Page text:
Photo credit: National Portrait Gallery, London
(Born Chur, 30 October 1741; died Rome, 5 November 1807). Swiss painter, active mainly in Italy and England. From an early age she travelled with her father, the painter Joseph Johann Kauffmann (1707–82), in Switzerland and Italy, and she formed her style in Rome. In 1766 she moved to London, where her work and her person were vastly admired. A foundation member of the Royal Academy in 1768, she was a close friend of the president, Sir Joshua Reynolds, their relationship giving rise to gossip and to a satirical picture by Nathaniel Hone. (Canova, Dance, Goethe, and Winckelmann were among the other distinguished men who were charmed by her.)
Kauffmann began in England as a fashionable portraitist, but then devoted herself more to historical scenes and also did decorative work for Robert Adam and other architects. Although her work owes much to the Neoclassical tradition, it has a prettiness that can be described as Rococo. At its best it has great charm, but it can be rather insipid, and she was much more successful with ladylike decorative vignettes than with scenes from Homer or Shakespeare. In 1767 she married an unscrupulous adventurer from whom she was quickly estranged. Following his death in 1780 she married the decorative painter Antonio Zucchi (1726–95) and settled with him in Italy, where she continued her successful career, mainly in Rome.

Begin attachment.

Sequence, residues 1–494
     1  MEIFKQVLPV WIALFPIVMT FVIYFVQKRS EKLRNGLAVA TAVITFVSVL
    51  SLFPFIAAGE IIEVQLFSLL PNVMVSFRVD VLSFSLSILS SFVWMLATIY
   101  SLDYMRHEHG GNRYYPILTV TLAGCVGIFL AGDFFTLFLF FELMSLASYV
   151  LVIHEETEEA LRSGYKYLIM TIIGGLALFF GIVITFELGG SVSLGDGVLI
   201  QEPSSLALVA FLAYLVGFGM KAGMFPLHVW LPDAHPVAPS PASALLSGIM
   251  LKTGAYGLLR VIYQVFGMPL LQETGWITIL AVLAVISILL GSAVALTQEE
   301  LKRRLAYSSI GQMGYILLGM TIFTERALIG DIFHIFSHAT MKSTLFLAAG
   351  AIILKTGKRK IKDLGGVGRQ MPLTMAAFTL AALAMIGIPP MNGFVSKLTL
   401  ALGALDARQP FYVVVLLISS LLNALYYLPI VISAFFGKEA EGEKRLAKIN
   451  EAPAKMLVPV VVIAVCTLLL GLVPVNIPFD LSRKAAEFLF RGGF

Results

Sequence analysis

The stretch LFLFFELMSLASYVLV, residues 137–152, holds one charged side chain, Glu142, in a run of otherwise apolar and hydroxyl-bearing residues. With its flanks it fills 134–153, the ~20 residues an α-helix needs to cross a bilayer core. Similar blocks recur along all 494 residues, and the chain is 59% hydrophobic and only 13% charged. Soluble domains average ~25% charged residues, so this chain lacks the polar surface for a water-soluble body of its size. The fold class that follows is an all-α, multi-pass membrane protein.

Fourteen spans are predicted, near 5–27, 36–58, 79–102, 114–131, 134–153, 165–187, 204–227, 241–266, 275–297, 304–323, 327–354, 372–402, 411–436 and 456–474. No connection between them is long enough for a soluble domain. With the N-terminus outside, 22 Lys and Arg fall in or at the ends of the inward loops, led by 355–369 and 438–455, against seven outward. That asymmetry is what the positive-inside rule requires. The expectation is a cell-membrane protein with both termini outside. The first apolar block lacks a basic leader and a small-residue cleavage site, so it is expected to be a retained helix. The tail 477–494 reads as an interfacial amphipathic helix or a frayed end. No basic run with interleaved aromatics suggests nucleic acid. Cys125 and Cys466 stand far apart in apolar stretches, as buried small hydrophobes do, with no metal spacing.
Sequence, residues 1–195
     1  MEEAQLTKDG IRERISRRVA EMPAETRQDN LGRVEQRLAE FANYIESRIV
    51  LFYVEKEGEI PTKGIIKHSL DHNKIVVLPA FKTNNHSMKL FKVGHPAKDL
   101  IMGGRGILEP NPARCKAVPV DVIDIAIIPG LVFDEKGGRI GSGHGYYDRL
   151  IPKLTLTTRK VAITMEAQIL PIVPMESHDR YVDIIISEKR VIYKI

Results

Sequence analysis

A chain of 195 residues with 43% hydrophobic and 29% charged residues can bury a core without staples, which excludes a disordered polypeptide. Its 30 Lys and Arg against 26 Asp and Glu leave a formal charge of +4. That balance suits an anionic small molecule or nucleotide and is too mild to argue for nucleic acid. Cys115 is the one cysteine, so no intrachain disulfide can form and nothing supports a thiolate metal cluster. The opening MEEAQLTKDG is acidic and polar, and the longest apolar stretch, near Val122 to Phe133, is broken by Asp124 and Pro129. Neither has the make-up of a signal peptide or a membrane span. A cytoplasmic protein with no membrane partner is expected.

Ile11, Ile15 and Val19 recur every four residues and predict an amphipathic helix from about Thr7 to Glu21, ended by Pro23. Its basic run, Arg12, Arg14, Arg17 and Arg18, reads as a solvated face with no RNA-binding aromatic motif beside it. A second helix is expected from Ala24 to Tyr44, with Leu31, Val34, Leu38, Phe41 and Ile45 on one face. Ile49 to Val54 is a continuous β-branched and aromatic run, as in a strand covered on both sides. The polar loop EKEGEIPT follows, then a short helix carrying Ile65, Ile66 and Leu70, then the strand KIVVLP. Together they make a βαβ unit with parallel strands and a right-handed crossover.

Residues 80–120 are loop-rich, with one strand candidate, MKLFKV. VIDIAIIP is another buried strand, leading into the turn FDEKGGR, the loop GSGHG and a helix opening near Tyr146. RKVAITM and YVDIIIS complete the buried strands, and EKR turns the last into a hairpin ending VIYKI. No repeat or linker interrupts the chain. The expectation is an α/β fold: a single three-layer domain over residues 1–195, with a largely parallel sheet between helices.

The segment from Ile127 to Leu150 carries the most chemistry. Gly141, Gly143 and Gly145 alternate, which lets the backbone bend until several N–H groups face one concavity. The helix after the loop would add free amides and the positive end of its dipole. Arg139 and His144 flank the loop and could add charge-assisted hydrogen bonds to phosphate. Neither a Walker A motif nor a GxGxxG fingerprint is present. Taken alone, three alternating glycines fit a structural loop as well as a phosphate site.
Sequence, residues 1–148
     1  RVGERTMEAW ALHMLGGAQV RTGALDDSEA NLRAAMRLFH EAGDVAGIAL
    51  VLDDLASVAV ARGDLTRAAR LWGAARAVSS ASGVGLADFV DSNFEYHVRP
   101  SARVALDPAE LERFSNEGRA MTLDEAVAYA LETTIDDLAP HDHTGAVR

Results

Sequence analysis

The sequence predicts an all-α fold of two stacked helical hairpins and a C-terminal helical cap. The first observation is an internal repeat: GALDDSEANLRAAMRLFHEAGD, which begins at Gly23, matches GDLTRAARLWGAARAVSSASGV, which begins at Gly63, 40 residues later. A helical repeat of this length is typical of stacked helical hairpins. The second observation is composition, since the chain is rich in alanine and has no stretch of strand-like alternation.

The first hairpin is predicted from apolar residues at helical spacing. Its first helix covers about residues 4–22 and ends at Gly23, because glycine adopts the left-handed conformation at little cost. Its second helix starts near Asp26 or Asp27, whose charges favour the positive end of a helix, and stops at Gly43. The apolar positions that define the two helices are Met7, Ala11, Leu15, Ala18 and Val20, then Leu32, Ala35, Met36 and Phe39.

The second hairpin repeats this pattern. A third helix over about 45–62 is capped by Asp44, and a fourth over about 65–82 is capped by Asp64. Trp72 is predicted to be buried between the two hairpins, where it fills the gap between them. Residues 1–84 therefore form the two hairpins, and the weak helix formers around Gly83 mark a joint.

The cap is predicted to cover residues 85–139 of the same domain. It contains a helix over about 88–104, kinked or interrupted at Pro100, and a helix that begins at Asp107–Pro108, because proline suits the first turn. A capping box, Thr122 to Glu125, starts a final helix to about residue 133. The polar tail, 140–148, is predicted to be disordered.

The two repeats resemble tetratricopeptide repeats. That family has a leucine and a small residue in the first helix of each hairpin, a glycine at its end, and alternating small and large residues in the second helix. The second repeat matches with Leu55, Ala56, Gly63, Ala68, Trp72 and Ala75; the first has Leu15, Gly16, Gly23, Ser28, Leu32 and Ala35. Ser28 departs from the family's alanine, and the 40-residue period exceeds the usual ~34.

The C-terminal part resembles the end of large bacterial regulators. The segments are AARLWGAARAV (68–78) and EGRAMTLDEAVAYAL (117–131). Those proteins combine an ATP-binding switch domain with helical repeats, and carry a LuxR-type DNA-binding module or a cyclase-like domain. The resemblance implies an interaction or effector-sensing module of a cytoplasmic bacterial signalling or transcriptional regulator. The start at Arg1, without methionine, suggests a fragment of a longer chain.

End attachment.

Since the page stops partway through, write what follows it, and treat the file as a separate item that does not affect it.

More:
Text source: The Oxford Dictionary of Art and Artists (Oxford University Press)